Advocacy

FORCE advocates for families facing hereditary breast and ovarian cancer in areas such as access to care, research funding, insurance, and privacy.

Advocacy > Advocacy Issues


Newsflash

11/1/2019 - FORCE, along with hundreds of medical and patient advocacy orgs, expressed support for a long-term reauthorization of PCORI.

10/28/2019 - We authored comments on the FDA's draft industry guidance on developing drugs for the treatment of male breast cancer.

9/27/2019 - FORCE and two dozen groups urged CMS to reconsider the 14-day Rule, which has created delays in patients receiving test results.

9/24/2019 - Signed onto a letter urging the President to waive out-of-pocket costs for seniors on Medicare who have precancerous polyps removed during a screening colonoscopy.

9/3/2019 - We joined over 50 orgs representing patients, advocates, caregivers, researchers, and physicians to support the appointment of Norman Sharpless as FDA Commissioner.

Screening & Prevention

A number of government agencies and professional societies publish screening and prevention guidelines for people at high risk of cancer. The standard of care for individuals at risk of hereditary cancers includes genetic counseling and testing, increased screening, chemoprevention and/or risk-reducing surgeries. FORCE tracks and influences these guidelines as appropriate and provides the most current information about the recommended services and interventions.

Screening & Prevention

Mammograms for Women Age 40-49 Preserved Through 2019

In 2016, the U.S. Preventive Services Task Force released new breast cancer screening guidelines recommending that mammograms for “average risk” women begin at age 50. If implemented, women ages 40-49 may lose access to no-cost annual screening mammograms. FORCE supported passage of the PALS Act to preserve mammograms with no out-of-pocket costs for women starting at age 40 and continues to be a leader in efforts to preserve 100% insurance coverage of this lifesaving cancer screening.

Insurance Coverage & Barriers

High-Risk Individuals Often Struggle to Get Insurance Coverage of Health Services

The ACA guarantees coverage of certain cancer screenings at no cost to the patient. This has allowed many Americans to access care that they might not otherwise be able to afford. As some impacted by hereditary cancer have learned, however, insurers are not required to cover screenings beyond those mandated in the ACA. Members of our community often struggle to get coverage for earlier, more intensive screenings and risk-reducing surgeries. This is why FORCE created sample appeal letters for a variety of services.

Insurance Coverage & Barriers

ACA unconstitutional? What does this mean for preventive care and pre-existing conditions?

On December 14, 2018, a Texas district court judge ruled that the Affordable Care Act (ACA) is unconstitutional due to a recent change in federal tax law. As part of the 2017 tax reform package, the ACA was amended to eliminate the penalty for not having health insurance. A lawsuit argued, “Once the heart of the ACA—the individual mandate—is declared unconstitutional, the remainder of the ACA must also fall.” The judge agreed.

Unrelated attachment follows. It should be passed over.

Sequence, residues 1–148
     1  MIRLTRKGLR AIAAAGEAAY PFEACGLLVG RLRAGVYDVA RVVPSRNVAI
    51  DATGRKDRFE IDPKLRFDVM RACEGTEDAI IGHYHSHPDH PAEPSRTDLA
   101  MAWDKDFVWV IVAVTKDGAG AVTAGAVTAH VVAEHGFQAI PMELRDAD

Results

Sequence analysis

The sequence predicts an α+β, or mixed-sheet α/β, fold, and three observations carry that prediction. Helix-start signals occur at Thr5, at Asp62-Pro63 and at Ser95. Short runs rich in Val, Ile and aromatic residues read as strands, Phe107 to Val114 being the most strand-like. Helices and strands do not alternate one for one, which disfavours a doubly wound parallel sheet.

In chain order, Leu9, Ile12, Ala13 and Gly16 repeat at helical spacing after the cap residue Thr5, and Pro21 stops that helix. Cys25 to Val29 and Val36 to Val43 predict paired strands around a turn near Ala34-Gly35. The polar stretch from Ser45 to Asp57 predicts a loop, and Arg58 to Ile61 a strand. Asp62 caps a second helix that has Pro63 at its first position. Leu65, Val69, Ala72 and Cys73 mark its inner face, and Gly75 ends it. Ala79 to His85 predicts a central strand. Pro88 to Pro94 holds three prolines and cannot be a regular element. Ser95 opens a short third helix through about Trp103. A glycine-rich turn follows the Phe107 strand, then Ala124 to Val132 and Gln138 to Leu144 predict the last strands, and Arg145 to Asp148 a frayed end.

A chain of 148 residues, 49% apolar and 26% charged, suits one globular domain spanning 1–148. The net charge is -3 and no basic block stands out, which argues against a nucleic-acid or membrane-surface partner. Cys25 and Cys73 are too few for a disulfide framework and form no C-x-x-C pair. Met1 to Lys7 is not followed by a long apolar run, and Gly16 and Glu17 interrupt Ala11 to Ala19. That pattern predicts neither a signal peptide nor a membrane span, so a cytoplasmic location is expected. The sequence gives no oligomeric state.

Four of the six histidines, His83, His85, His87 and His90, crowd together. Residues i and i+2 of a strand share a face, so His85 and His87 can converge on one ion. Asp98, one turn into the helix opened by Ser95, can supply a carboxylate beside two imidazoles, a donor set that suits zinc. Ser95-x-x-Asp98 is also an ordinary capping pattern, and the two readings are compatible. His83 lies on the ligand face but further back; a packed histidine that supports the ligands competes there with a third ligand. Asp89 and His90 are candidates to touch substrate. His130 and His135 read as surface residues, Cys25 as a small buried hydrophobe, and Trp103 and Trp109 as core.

Treatments & Therapies

Cancer Research Funding Preserved

Federal funding for cancer research has led to significant advances in cancer prevention, detection, diagnosis, treatment, and quality of life for patients. More than 14 million U.S. cancer survivors are alive today, largely because of the nation’s commitment to cancer research. The main sources of U.S. cancer research funding are the National Institutes of Health (NIH), which includes the National Cancer Institute (NCI), and the Department of Defense (DoD) Congressionally Directed Medical Research Programs (CDMRP). FORCE was involved in recent efforts to preserve or increase funding for these crucial programs. 

Screening & Prevention

Prostate Cancer Screening Guidelines Fall Short

In May 2017, FORCE submitted comments on the USPSTF Draft Recommendation Statement and Evidence Review for Prostate Cancer Screening. Finalized in May 2018, these guidelines are utilized by health care providers to determine appropriate screening and care and to inform insurance coverage decisions on specific preventive services. The Affordable Care Act stipulates that any preventive service receiving a USPSTF rating of “A” or “B” must be covered by most health plans with no copay or cost-sharing for the patient. Consequently, these guidelines impact access to care for members of the hereditary cancer community.

Screening & Prevention

Ovarian Cancer Screening for High-Risk Women

Ovarian cancer accounts for more deaths than any other cancer of the female reproductive system. An estimated 20% of these cancers are due to hereditary factors such as a BRCA genetic mutation. Women with inherited predispositions face greatly increased risk of this, and possibly other cancers. A number of tests have been evaluated as screening methods for early stage ovarian cancer but none have proven reliable. In September 2016, the FDA released a Safety Communication recommending against the use of ovarian cancer screening tests. FORCE responded with a letter to the FDA and an official statement on the issue.

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FORCE:Facing Our Risk of Cancer Empowered